"Missy," whispered Shooba, "in my country when I young, chief get mad with chief more stronger, not fight with spears. Call Witch doctor and make Medicine. Stronger chief, him come dead one day soon. Maybe bumbye you and me make some Medicine?" My lips curl'd somewhat. Poor old Shooba making medicine against the Hyndses. "You go now and think some. I stay here, and think some, too.
And that was all. Although we examined every inch of that floor, every board of the walls, and made the most scrupulously careful search of the cabinets and the chest. I even dared pass my hands over Jessamine herself. Shooba the witch doctor had done the unexpected.
And in the Sleep his Snake came and show'd him the untying of the Knot, and the Turning of the Keye. In proof whereof Shooba took me by the hand & Show'd me the Watcher in the Darke. "Do but one thing more for me, old Shooba: Put out the Fire in my Brain, Shooba, for I would Sleep. And I would Sleep here, in Secret, where none but the Watcher may see."
I blinked at him. Immersed in the tragedy of the woman Jessamine, her piteous fate had put all thought of everything save herself out of my mind. "Shooba hid them, between a night and a morning. Shooba brought her here, between a night and a morning. Where should the jewels be but here?"
"I will ask my Snake if he knows anything of Keyes," said Shooba. And remembering the Overseer, I did not smile, but gave him the Paper. I like not to think of Shooba's Snake. Then buried we mine Uncle in the Hynds tomb and my Aunt was left to wander ghostlike, seeking for what she should never find. Oh, why did not they leave Richard and me alone! I repent not.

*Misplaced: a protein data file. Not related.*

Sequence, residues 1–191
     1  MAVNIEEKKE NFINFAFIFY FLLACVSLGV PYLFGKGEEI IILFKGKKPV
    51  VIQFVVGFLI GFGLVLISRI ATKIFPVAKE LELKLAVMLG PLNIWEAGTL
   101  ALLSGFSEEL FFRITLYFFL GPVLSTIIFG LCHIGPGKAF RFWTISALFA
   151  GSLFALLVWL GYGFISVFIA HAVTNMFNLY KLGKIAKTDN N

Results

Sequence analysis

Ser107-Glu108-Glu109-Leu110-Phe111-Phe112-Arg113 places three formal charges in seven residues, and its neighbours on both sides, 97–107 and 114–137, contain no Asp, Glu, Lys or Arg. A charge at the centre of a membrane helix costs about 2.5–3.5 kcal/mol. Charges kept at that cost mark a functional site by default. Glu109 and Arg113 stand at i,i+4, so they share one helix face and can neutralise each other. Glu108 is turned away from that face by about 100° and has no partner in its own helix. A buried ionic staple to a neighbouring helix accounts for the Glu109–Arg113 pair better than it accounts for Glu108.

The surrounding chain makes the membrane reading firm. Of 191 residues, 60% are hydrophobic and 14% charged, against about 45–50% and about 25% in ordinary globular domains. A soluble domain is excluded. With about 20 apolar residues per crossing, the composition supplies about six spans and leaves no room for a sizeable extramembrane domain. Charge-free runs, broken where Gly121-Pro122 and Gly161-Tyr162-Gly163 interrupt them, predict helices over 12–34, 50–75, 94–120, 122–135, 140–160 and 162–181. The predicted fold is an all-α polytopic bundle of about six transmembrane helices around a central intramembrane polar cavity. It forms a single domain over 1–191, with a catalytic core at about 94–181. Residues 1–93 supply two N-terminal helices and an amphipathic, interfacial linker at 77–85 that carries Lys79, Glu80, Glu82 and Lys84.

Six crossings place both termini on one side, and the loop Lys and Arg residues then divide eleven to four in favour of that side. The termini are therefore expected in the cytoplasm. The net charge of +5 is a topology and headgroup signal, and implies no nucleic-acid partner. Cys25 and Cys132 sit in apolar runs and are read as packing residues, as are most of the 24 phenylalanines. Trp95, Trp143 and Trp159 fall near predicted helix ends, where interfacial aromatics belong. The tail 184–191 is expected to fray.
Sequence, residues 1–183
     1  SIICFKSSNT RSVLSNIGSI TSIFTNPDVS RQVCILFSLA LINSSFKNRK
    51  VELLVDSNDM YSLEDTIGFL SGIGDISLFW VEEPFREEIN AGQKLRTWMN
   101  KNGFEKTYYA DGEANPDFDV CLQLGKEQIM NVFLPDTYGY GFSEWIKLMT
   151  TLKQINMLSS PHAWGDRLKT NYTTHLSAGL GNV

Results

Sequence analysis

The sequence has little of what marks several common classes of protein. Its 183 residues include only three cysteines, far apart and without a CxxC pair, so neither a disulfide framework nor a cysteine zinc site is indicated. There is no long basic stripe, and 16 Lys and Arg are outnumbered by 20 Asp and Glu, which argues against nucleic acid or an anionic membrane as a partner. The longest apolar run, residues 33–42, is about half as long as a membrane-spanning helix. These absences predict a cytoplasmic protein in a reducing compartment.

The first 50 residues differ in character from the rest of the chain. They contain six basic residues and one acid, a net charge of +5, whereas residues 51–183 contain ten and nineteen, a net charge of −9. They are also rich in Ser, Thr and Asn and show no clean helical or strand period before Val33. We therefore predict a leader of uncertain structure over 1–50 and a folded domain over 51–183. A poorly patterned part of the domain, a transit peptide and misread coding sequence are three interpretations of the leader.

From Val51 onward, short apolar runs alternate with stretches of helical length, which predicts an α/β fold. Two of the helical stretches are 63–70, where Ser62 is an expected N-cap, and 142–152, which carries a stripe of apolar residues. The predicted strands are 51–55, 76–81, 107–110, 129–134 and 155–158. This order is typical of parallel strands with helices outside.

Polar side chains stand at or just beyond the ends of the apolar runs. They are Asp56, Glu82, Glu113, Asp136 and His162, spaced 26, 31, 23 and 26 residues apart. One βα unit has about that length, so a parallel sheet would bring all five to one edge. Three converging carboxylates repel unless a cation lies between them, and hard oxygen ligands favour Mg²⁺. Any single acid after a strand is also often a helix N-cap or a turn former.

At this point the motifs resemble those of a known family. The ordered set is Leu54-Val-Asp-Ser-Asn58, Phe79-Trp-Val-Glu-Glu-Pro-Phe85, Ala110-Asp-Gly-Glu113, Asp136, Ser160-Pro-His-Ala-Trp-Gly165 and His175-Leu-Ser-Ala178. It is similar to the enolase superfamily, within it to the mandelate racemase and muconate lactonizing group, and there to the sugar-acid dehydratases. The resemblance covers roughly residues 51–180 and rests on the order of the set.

And remembering her, the delight vanished. With stunning force the meaning of this discovery came home to me. I had found the unfindable! This, this was where Shooba had hidden them between a night and a morning, Shooba the "skilfullest workman on Hynds place." One fancied him here, in the dead of night, while all Hynds House slept a drugged sleep.
Once old Shooba cur'd me of a pestilent Fever, with Simples, when I was a little Child, and our Leech had given me Over, nor did he Bleed me once. Now Shooba's Back was Bleeding, and I might not help him! Now in the night I had gone secretly to his Hut to fetch him such poor little Comforts as I might secretly get & give.
"He was greatly in Dread of Dying, for that he was in mortal Terrour of old Shooba, fearing to Meet that Evil Being outside of the Flesh. Had been with Shooba when the wretched Creature passed away, a harden'd Heathen among Convert'd & Profess'd Christians. Said he was a Snake Soul. "The man was craz'd with Fear, dreading Shooba to be even then in the Room.
I whispered, remembering Freeman's diary. "A slave, an unlettered slave. How he discovered it I do not know. But he did discover it. He knew, and the Hyndses did not. In regard to this same slave, a curious item was set down by Richard's son: "'This day Black Shooba's son told me of a heathen song Shooba made before he died and swore him to forget not.
And, that Freeman thinks his Brother Guilty and a Thief: A Hynds a Thief! so that Hynds House hangs Heavy above his head. And that Emily begins to Hate Freeman, who Loves her. She thinks he hath play'd Judas. I shall have Pleasant dreams! Never shall they Find where Shooba hid the Gems, between a night and a morning.